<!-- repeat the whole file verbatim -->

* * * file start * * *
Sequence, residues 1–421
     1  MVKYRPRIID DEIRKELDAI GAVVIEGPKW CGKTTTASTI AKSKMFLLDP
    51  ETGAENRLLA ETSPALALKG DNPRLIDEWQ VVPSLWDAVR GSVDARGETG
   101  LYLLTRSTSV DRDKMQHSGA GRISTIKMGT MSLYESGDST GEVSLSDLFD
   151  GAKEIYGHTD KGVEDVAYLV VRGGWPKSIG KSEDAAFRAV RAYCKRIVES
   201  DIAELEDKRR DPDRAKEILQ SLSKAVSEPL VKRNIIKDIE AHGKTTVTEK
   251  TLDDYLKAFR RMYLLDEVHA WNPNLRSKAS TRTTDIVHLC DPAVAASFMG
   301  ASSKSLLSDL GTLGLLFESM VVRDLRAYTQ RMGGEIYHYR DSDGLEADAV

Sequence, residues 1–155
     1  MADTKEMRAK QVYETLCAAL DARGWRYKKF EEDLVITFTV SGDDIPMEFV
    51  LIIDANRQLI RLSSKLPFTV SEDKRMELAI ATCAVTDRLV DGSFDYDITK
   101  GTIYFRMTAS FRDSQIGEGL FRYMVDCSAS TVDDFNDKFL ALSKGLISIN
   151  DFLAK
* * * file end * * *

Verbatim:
Sequence, residues 1–421
     1  MVKYRPRIID DEIRKELDAI GAVVIEGPKW CGKTTTASTI AKSKMFLLDP
    51  ETGAENRLLA ETSPALALKG DNPRLIDEWQ VVPSLWDAVR GSVDARGETG
   101  LYLLTRSTSV DRDKMQHSGA GRISTIKMGT MSLYESGDST GEVSLSDLFD
   151  GAKEIYGHTD KGVEDVAYLV VRGGWPKSIG KSEDAAFRAV RAYCKRIVES
   201  DIAELEDKRR DPDRAKEILQ SLSKAVSEPL VKRNIIKDIE AHGKTTVTEK
   251  TLDDYLKAFR RMYLLDEVHA WNPNLRSKAS TRTTDIVHLC DPAVAASFMG
   301  ASSKSLLSDL GTLGLLFESM VVRDLRAYTQ RMGGEIYHYR DSDGLEADAV

Sequence, residues 1–155
     1  MADTKEMRAK QVYETLCAAL DARGWRYKKF EEDLVITFTV SGDDIPMEFV
    51  LIIDANRQLI RLSSKLPFTV SEDKRMELAI ATCAVTDRLV DGSFDYDITK
   101  GTIYFRMTAS FRDSQIGEGL FRYMVDCSAS TVDDFNDKFL ALSKGLISIN
   151  DFLAK